Off Broadway Reviews
The play begins with a prologue delivered by a precocious adolescent girl (Isabella Russo) as if she is introducing a school pageant. After the usual reminders about cell phones, emergency exits, and the use of photography, she informs the audience that the subject of the play is "life on Earth." More specifically, she explains, "This is the journey of a certain Chris through the world, through time and places and doors."
The exquisitely realized scenes that follow chart a certain Chris's life from crib to grave. Along the way, though, the character assumes numerous personas, such as Christine, Krista, Topher, Christiana, Khris, and others. Yet, the story is about one individual, and what all of the protean forms have in common is the essence of, or an underlying, Chris.
The plot's thread is generally a familiar one. The protagonist's childhood is beset by tragedies, and adulthood is marked by career changes, a failed marriage, and declining physical health. In fact, the narrative structure is reminiscent of Our Town in which the Stage Manager says that Thornton Wilder's play reveals "the way we were: in our growing up and in our marrying and in our living and in our dying." Eno's manipulation of time and shifting identities, however, creates a disorienting sense of unknowability for the audience, and it is as if viewing the life of a person through an irregular prism.
One could read into the representations of diverse identities in a single character as an expression of the interconnectedness of humans and the universality of experience. Drawing on principles from Psychoanalysis 101, the multitude of Chrises may be a manifestation of Jung's notion of a "collective unconscious."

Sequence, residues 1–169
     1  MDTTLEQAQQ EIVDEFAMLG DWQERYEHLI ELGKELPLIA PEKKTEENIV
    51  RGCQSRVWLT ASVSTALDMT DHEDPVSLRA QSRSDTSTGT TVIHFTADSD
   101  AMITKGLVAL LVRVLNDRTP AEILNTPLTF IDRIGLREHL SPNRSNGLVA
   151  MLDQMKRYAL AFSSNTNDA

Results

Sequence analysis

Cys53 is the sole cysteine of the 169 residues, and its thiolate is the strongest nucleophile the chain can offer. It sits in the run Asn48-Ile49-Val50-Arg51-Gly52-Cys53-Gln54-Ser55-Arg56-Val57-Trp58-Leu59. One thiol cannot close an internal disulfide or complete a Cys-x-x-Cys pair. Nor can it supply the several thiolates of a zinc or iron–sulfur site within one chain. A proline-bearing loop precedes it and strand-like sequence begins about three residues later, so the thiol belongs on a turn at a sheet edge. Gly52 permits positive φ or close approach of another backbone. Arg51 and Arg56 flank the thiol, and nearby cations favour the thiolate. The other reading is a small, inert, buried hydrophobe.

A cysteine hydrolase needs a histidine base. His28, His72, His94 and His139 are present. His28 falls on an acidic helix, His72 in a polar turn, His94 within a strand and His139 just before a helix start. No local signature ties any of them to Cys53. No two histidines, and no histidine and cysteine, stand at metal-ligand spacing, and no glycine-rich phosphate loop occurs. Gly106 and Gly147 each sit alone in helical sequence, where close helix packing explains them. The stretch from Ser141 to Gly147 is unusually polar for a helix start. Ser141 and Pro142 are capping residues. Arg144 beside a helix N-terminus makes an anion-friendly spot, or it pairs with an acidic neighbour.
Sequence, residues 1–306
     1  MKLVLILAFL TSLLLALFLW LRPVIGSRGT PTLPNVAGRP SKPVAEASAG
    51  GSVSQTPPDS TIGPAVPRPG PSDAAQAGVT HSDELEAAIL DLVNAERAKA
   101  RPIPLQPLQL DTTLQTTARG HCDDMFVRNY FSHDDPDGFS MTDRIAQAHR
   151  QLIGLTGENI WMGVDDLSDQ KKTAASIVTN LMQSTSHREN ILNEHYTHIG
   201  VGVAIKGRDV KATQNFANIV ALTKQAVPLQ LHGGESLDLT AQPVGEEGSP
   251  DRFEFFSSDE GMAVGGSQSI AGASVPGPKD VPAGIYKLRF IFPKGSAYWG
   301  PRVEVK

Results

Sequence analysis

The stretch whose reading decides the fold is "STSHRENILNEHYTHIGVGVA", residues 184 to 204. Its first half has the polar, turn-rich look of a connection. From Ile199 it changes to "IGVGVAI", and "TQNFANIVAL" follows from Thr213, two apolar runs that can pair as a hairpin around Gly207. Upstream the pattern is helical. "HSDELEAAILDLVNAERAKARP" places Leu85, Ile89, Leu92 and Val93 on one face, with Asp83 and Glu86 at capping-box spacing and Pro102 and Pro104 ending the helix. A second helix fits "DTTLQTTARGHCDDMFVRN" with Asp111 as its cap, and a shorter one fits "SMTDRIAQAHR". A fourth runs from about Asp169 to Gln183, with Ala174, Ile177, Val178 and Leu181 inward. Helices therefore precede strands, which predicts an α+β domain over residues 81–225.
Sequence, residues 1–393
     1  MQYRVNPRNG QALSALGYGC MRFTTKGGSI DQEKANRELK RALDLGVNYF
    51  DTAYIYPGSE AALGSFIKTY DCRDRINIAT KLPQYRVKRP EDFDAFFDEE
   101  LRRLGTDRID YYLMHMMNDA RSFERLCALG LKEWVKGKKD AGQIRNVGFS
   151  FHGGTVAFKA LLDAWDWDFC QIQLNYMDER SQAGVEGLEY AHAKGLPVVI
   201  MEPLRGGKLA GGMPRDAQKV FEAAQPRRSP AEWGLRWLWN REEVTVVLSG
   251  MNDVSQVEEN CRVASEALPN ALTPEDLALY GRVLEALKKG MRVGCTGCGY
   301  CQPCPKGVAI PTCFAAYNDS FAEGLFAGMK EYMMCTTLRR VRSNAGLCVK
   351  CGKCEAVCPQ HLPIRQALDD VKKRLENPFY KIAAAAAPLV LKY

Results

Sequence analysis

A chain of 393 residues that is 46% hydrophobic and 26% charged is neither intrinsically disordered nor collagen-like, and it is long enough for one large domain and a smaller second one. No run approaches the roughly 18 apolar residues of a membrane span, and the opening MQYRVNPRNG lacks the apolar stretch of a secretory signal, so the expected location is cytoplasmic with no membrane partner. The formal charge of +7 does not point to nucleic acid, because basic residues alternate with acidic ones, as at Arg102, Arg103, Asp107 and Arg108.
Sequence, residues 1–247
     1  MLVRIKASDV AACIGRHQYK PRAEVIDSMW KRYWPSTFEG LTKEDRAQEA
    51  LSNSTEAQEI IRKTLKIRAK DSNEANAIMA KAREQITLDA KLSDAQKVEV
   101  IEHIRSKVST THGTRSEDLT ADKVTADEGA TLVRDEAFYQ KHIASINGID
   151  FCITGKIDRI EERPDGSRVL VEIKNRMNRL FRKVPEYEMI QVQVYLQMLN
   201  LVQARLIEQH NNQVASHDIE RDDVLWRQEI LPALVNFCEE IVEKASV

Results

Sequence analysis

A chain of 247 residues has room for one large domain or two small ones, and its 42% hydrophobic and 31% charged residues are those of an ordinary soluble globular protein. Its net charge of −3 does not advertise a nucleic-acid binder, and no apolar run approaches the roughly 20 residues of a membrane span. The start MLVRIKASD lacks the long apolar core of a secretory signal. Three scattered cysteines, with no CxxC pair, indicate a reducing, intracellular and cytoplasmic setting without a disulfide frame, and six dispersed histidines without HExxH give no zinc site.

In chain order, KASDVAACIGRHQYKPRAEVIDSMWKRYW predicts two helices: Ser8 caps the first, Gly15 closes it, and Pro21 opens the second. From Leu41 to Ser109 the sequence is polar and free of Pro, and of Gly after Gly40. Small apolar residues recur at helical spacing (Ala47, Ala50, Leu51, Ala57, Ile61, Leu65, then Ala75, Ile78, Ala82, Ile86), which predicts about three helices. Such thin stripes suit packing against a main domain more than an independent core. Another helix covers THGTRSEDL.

Or maybe not. The pleasure of watching a Will Eno play is realizing that interpretation is futile. His works underscore life's existential absurdities, and his dialogue revels in non sequiturs and philosophical one-liners. For instance, when his driver's license is revoked, Kit (a deliciously deadpan Michael Countryman) wryly tells his daughter Joan (movingly portrayed by Nidra Sous La Terre), "I'm just starting to figure out who I am, and they take away my identification." And among the many quotable quips, a personal favorite is delivered by a radio talk show host (Countryman again), who asks, "We all know how aromatic candles are made, but, have you ever wondered why?"
Directed by Kenny Leon, the production moves fleetly and efficiently. Arnulfo Maldonado's scenic design and Amith Chandrashaker's lighting transform the stage as quickly and nonchalantly across time and space as the actors assume the various guises of Chris. Dede Ayite designed the costumes, and although the events span more than eighty years, there is wisely no attempt to call attention to changing styles and tastes.
As Krista, a grandmother trying to connect with her grandson (Nicholas Hutchinson), Lizbeth MacKay superbly shows the regrets and repentance that come with late middle-age. And as the oldest version of the character, Charles Turner as Khris exhibits resilience in aging but the inevitability of infirmity. (Back issues plague the character at every age.)
One of the Chrises ruefully admits, "It's easy for people to forget who they are sometimes." Perhaps this is true, but in Eno's lovely and thought-provoking play, The Underlying Chris makes a memorable and indelible impression.
The Underlying Chris